To achieve this, the concentration of microorganisms should be at least about 5 x 10' cells/ml, preferably at least about 108 cells/ml and most preferably at least about 109 cells/ml. To maintain optimum active content of cells in the reactor, the om reaction is best carried out at about 30 C +/-5 C in the presence of oxygen (e.g_, fr about 5 to about 100% DOT) and nutrients in a stirred tank reactor. As used herein, the term "DOT" refers to "dissolved oxygen tension" and is the amount of oxygen, expressed as a percentage, dissolved in a given volume of water relative to oxygen-saturated water at the same temperature and pressure. In a continuous process, the residence time is controlled by flow rate and monitored to ensure complete reaction.
Thus, at steady state the concentration of epihalohydrin hydrolyzates in the reactor will be from about 1 to about 1000 ppm. In a batch or fedbatch mode, which can be preferably repeated, complete reaction can be ensured by monitoring, for example by GC analysis, to achieve the desired reduced level of epihalohydrin hydrolyzates.

The method of biodehalogenation in accordance with the present invention is carried out by contacting a microorganism or cell-free enzyme-containing extract with the aqueous composition containing the unwanted organohalogen contaminants.
Such contact is typically achieved by forming a slurry or suspension of the microorganism or cell-free extract in the aqueous composition, with sufficient stirring.
If desired, the microorganism or enzymes can be removed from the product stream by filtration, sedimentation, centrifugation or other means known to those skilled in the art. Alternatively the microorganisms or enzymes can remain in the final product and optionally deactivated by thermal sterilization (e by treatment at 140 C for 20 seconds) or by the addition of a suitable concentration of a suitable biocidal agent. Suitable biocidal agents can be readily selected by those of ordinary skill in the art. Thus, deactivation of the microorganism can be performed by reducing the pH of the aqueous mixture to 2.8, then adding a proprietary biocidal agent (e.g. Proxell BD biocidal agent, which comprises 1,2-benzisothiazolin-3-one) in sufficient quantity, normally 0.02% to 0.1%, based on the weight of the aqueous composition. The biocidal agent may be added along with potassium sorbate.
The removal of the microorganism may be performed by one or more of the steps of filtration, centrifugation, sedimentation, or any other known techniques for removing microbes from a mixture. The microorganisms mineralize the nitrogen-free organohalogen compounds, producing C02, water, and biomass, with no glycerol left in the resin. Where the biocatalyst is an immobilized dehalogenase, the product of the reaction is glycidol, which can be hydrolyzed to glycerol with an immobilized hydrolase.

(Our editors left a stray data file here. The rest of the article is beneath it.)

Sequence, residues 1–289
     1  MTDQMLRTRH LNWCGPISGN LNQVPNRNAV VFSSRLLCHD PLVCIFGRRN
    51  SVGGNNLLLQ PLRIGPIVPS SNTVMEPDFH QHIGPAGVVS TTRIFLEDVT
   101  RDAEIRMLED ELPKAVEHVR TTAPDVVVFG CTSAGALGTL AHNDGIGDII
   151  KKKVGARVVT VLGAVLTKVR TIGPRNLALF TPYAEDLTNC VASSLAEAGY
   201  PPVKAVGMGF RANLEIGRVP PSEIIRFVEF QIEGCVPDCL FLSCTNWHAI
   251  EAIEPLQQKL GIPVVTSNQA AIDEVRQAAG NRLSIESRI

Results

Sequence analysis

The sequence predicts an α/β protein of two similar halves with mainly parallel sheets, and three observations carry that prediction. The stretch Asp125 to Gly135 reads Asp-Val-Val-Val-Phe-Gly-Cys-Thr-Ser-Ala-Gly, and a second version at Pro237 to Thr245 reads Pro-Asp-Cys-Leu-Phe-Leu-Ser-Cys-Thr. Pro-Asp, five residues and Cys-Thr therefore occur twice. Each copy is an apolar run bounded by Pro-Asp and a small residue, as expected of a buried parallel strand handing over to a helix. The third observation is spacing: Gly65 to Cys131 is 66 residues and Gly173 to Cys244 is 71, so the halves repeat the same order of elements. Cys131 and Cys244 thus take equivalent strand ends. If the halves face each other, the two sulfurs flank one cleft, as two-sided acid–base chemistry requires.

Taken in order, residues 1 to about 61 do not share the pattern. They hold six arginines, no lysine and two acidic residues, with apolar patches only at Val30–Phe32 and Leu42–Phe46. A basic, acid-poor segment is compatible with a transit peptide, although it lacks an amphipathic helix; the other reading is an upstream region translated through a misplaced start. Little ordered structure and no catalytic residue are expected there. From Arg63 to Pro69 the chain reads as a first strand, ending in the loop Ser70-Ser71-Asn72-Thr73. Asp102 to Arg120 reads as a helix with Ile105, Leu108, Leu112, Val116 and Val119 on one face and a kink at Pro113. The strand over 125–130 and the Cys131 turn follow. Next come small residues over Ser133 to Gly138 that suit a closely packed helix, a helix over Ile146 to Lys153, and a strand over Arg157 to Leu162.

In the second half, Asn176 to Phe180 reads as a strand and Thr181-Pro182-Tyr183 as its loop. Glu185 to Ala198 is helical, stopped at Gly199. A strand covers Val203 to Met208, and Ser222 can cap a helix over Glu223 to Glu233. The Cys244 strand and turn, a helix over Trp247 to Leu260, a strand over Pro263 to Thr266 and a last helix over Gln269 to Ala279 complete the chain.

A problem associated with the removal of the microbes from the mixture is that intensive methods of separation, such as microfiltration, remove not only microbes but also particles of cationic polymer, with the result that the wet strength properties are reduced, which is undesirable. Therefore, it is preferable to leave the deactivated microorganism in the mixture to avoid the problem of reducing wet strength properties.
It has unexpectedly been determined that resin compositions having high concentrations of solids, i.e., greater than 15 wt%, more preferably greater than 20 wt fo, preferably greater than 25 wt%, can be biodehalogenated using microorganisms and/or enzymes, when the resin comprises tertiary amine-based resins, such as Kymene 450, Crepetrol A3025 or Crepetrol 80E. In the past, secondary amine-based resins, such as Kymcne 557H, Kymene 557LX, Kymene SLX, Kymene Plus are not efficiently biodehalogenated at concentrations of solids of 15 or greater weight %. In the present invention, secondary amine-based resins can be efficiently biodehalogenated at 15 or greater wt %. In addition, it has been found that Daniels resins can be biodehalogenated at 15 or greater wt %.

With regard to Daniel's resins, it is noted that cationic water-soluble resins, derived from the reaction of epihalohydrins, such as epichlorohydrin, and polyalkylene polyamines, such as ethylenediamine (EDA), bis- hexamethylenetriamine (BHMT) and hexamethylenediamine (HMDA) have long been known. These polyalkylene polyamine-epihalohydrin resins are described in patents such as U. S. Patent 3,655,506 to J. M. Baggett, et al. and others such as U. S. Patent 3,248,353 and U. S.
Patent No.
2,595,935 to Daniel et al. from which their generic description as"Daniel's Resins"arises.

The polyalkylene polyamine employed in the present invention can preferably be selected from the group consisting of polyalkylene polyamines of the formula:
H2N-[CHZ-(CH2)n-NR-]X-H

where: n = 1-7, x = 1-6, R= H or CH2Y, Z= H or CH3, and Y=CH2Z, H, NH2, or CH3, polyalkylene polyamines of the formula:
H2N- [CH2- (CHZ)m - (CHZ)n NR-]X H
where: m=1-6, n=1-6, and m+n = 2-7, R=H or CH2Y, Z= H or CH3, and Y=CH2Z, H, NHZ, or CH3, and mixtures thereof.

Polyalkylene polyamine-epihalohydrin resins comprise the water-soluble polymeric reaction product of epihalohydrin and polyalkylene polyamine. In making Daniel's Resins the polyalkylene polyamine is added to an aqueous mixture of the epihalohydrin so that during the addition the temperature of the mixture does not exceed 60 C. Lower temperatures lead to further improvements, though too low a temperature may build dangerously latent reactivity into the system. The preferred temperatures fall within the range of about 25 C to about 60 C. More preferred is a range of from about 30 C to about 45 C.